Mrs. Groff went on to be a mental health crisis worker, where she helped numerous people move through their problems and issues. She also helped them learn to make better choices in their lives to make their lives the best that they could be. Mrs. Groff worked with people to make better choices for themselves, their families, and their children. She made a difference in those people's lives by being a listening ear, a person who cared, and a person they could talk to without fear of judgment.
Mrs. Groff also ran a Day Program for people with special needs. She provided them a safe, non-judgmental place that they could come to during the day to learn how to make better choices, make a business out of the things they enjoyed doing, be a good friend, have fun, and most importantly, be the best "them" that they could be. Mrs. Groff worked with people who asked for help learning how to get and keep a job, be the best employee they could be, and have their best life.
Currently, Mrs. Groff is a teacher for Bayside High School’s Brevard Learners Achieving Successful Transition (B.L.A.S.T) program. The program's mission statement is "supporting students as they transition to adult life with high expectations resulting in excellence for all." Mrs. Groff and her team take this statement to heart and strive to have their students become the best possible versions of themselves.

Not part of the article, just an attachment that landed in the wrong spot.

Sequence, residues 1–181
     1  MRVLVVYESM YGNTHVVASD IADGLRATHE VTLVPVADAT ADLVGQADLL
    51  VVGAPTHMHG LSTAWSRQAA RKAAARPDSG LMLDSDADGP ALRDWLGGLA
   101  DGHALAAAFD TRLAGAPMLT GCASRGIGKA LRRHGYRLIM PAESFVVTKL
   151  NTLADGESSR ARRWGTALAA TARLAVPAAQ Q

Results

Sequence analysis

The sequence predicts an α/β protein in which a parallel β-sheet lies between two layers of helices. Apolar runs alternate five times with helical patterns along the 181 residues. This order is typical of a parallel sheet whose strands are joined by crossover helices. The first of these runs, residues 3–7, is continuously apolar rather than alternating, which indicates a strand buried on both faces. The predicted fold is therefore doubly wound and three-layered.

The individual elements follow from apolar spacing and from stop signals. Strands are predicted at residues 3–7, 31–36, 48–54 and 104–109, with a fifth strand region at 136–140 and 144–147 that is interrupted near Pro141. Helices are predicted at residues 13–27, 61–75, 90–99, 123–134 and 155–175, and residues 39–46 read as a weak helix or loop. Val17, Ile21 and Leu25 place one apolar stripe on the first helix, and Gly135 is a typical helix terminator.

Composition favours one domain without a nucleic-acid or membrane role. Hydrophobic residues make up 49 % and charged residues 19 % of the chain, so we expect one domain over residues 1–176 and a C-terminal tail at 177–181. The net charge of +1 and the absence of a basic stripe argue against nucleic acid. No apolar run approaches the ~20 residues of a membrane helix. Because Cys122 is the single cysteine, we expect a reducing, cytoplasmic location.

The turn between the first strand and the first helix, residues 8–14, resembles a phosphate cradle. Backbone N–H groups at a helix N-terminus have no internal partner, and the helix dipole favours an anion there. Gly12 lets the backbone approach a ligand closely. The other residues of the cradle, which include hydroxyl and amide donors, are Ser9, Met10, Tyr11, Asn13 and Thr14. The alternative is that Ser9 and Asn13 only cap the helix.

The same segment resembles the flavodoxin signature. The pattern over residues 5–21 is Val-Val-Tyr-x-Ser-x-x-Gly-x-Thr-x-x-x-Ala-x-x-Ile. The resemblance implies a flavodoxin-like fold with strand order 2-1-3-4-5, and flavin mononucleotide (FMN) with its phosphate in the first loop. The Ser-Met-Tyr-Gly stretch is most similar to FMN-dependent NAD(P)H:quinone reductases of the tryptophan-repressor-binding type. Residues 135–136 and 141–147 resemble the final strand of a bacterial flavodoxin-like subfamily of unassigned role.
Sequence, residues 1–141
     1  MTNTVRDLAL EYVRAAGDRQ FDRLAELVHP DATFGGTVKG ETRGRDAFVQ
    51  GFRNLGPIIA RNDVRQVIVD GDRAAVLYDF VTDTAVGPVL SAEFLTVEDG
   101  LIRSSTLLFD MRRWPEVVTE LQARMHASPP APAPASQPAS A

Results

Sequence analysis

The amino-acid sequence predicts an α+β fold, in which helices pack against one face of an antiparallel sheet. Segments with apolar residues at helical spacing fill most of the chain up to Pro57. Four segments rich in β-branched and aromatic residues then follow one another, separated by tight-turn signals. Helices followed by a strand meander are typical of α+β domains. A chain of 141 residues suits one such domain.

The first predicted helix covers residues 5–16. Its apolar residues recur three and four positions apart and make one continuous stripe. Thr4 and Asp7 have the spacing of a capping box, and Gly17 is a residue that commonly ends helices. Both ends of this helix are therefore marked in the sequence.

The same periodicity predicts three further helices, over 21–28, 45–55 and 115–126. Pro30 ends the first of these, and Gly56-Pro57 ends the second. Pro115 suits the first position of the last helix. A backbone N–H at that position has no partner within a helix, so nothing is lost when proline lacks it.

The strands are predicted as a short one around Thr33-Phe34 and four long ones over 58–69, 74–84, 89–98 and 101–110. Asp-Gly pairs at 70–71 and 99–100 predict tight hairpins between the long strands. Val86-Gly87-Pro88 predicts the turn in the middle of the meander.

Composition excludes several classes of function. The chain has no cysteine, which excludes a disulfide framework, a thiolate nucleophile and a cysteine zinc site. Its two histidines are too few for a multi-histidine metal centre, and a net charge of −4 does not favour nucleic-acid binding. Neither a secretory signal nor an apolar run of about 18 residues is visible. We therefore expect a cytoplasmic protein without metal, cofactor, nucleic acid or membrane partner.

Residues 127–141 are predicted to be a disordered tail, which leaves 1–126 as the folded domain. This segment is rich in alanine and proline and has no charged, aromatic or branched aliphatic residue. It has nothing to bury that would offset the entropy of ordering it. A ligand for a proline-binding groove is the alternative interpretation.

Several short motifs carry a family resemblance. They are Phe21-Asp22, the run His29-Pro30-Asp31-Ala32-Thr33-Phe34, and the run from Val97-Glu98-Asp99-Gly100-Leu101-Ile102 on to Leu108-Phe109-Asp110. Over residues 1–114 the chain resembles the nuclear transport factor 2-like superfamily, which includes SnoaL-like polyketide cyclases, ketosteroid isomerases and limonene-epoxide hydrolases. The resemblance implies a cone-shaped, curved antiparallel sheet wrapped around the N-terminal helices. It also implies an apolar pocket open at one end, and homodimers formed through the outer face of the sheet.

Mrs. Groff has been instrumental in building the Bayside B.L.A.S.T. program from the ground up as the standard bearer for sustained excellence that similar programs strive to attain. One such way that she has demonstrated her leadership is by working with her co-teacher and student team to create a business that all students have a hand in building, sustaining, and growing. This endeavor is making and selling handmade soaps, lotions, bath bombs, etc. These products are sold at local craft fairs on the weekends, and the income's used to help fund various activities that benefit the entire class, as well as making the B.L.A.S.T. program financially self-sufficient.
In addition to establishing a student-driven business, the B.L.A.S.T. program offers community-based instruction (CBI) for special education students who need instruction in functional and life skills. CBI provides natural opportunities for students to practice independent living skills. Mrs. Groff has been instrumental in forging partnerships with a variety of local businesses that give her students an opportunity to acquire job skills that will empower them to join the workforce. Many of those businesses have hired the students based on the time they spent with Mrs. Groff. In this position, Mrs. Groff has helped students see their potential in many ways.